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Haiti has long struggled to overcome poverty, violence and political instability, descending deeper into turmoil after the fall of president Jean-Bertrand Aristide in February 2004. Since then, the country has remained in limbo, led by an interim government as violence and political controversy mount.

On Feb. 7, Haitians are expected to vote in the first presidential elections since Aristide's ouster. The elections have been postponed four times in recent months in the wake of political chaos.

Award-winning photojournalist Ron Haviv is on the ground in Port-au-Prince to document the struggle for a stable, democratic Haiti.

Haviv, a co-founder of the independent photo agency VII, has photographed conflict and humanitarian crisis in Latin America, Africa, the Middle East, Russia and the Balkans. His work has appeared in various publications, including Vanity Fair, Time, Newsweek, The New York Times Magazine, Fortune, Stern and Paris Match. He has also published two collections of his photography, Blood and Honey: A Balkan War Journal and Afghanistan: On the Road to Kabul.

More Photography by Ron Haviv | Latest Headlines from Haiti

By washingtonpost.com |  February 1, 2006; 8:40 AM ET  | Category:  Introduction
Next: Glimmers of Hope in Cite Soleil

Comments

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I don't understand how Aristide was able to buy human right groups around the world.

These same groups closed their eyes on the rape of children, elderly women by Aristide’s thugs “chimeres”. This is a sad day for the world.

Now they are focusing on Aristide's version of the situation in Haiti.

Uhm no wonder why! The power of money in the International orgs:
UN, OAS ………….

.Iraq food for oil
.Haiti and so on

Pres. Bush is right the UN and many other international orgs need a fundamental reform.

Posted by: Gregory Calixte | February 3, 2006 03:19 PM

> The Haitian people home and abroad needs to start looking out for these poor Haitians Kids, first and foremost, those UN organizations can only do so much!!


Posted by: S Francois | February 4, 2006 07:50 PM

I doubt that this first round of elections will bring peace and stability to Haiti. I am hoping and praying that there will not be a second round in March. I hope and pray that someone will win with a majority of votes. That way, the stabilization of the nation will begin in earnest. I want to go back home, and that decision depends on what takes palce in Haiti in the next two months. I hope there is a clear winner, and all the opposing groups will begin to unite and establish the beginning of democracy in Haiti.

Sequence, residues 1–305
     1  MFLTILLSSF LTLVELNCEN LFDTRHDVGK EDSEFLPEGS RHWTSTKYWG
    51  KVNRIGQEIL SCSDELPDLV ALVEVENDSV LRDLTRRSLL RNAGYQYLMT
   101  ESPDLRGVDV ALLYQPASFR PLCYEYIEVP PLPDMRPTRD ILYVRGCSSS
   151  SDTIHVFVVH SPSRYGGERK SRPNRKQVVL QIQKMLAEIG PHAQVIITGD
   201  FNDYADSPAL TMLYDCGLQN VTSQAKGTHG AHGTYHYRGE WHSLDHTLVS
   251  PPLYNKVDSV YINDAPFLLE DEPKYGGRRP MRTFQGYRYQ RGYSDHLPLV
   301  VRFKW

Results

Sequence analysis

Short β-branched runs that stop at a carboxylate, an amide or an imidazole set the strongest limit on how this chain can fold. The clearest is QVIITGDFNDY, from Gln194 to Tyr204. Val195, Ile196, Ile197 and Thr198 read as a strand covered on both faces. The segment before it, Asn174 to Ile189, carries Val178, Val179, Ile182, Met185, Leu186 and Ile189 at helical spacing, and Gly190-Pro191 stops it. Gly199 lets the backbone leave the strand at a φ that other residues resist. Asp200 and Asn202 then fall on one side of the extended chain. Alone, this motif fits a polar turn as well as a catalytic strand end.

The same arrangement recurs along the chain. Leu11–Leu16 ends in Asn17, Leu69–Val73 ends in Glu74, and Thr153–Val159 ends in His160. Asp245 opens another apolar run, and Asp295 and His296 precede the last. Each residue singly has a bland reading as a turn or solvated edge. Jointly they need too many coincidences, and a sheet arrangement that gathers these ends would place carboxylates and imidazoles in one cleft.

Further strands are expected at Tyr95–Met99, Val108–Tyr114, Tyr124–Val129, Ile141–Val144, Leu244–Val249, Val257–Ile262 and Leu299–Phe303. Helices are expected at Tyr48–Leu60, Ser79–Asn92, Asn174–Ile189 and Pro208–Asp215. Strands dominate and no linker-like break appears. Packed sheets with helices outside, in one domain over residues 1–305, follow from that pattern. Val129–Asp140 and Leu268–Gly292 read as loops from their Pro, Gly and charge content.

Posted by: Senecharles | February 6, 2006 11:52 AM

I think Aristide should had finished his term. I see no benefit in removing him. As a principle, elected official should not be removed from office by any means other thru the electoral process. Hence, the involvement of the international community if facilitating Aristide's departure is detrimental to the democratic process and a dis-service to Haiti.

Posted by: Silver Spring | February 6, 2006 01:27 PM

It is possible, even this early on election day, to see how the process is being manipulated. While Preval will have the most votes, the margin will be slimmer than it might otherwise be, because the voters of Cite Soleil (and other strongholds, no doubt)are disenfranchised. The small margin will serve to cast doubt on the legitimacy of Preval's victory. The thugs - Haitian and North American - who thrive on this instability will have their way again. How little has changed!

Posted by: Ti Chen | February 7, 2006 01:35 PM

Where does Mr Haviv but his hats?

Posted by: jerzy | February 9, 2006 09:01 AM

Is Ron Haviv married?

Posted by: Bertha Schmidt | February 9, 2006 09:03 AM

As I feared, it appears that there may not be a clear winner. That means there may be a second round of voting. IF that is in fact what happens, I predict that Haiti will experience chaos as was never before witnessed. This country will descend into the bowels of Hell and only Satan and the Haitian Bourgeoisie will rejoice. These two entities will be the only ones that prosper despite the obvious suffering of the majority. May God Be with Haiti!

Posted by: Franklin Senecharles | February 11, 2006 06:32 PM

What an excellent job with the photography. Wish I could have been there shooting too, but your work is inspiration.

Posted by: Noelle Theard | February 12, 2006 12:19 AM

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